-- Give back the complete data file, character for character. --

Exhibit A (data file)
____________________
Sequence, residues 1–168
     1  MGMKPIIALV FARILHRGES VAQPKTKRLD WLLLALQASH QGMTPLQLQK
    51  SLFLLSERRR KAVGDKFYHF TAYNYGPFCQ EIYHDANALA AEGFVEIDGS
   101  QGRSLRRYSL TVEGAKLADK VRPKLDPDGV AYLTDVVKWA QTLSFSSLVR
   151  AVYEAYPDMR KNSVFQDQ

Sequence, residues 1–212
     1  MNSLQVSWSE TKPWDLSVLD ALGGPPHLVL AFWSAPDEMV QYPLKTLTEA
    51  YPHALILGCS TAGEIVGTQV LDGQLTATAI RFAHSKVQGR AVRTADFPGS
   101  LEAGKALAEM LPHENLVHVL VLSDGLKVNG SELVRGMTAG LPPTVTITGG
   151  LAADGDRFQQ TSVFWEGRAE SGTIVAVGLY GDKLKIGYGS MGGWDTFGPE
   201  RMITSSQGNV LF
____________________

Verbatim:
Sequence, residues 1–168
     1  MGMKPIIALV FARILHRGES VAQPKTKRLD WLLLALQASH QGMTPLQLQK
    51  SLFLLSERRR KAVGDKFYHF TAYNYGPFCQ EIYHDANALA AEGFVEIDGS
   101  QGRSLRRYSL TVEGAKLADK VRPKLDPDGV AYLTDVVKWA QTLSFSSLVR
   151  AVYEAYPDMR KNSVFQDQ

Sequence, residues 1–212
     1  MNSLQVSWSE TKPWDLSVLD ALGGPPHLVL AFWSAPDEMV QYPLKTLTEA
    51  YPHALILGCS TAGEIVGTQV LDGQLTATAI RFAHSKVQGR AVRTADFPGS
   101  LEAGKALAEM LPHENLVHVL VLSDGLKVNG SELVRGMTAG LPPTVTITGG
   151  LAADGDRFQQ TSVFWEGRAE SGTIVAVGLY GDKLKIGYGS MGGWDTFGPE
   201  RMITSSQGNV LF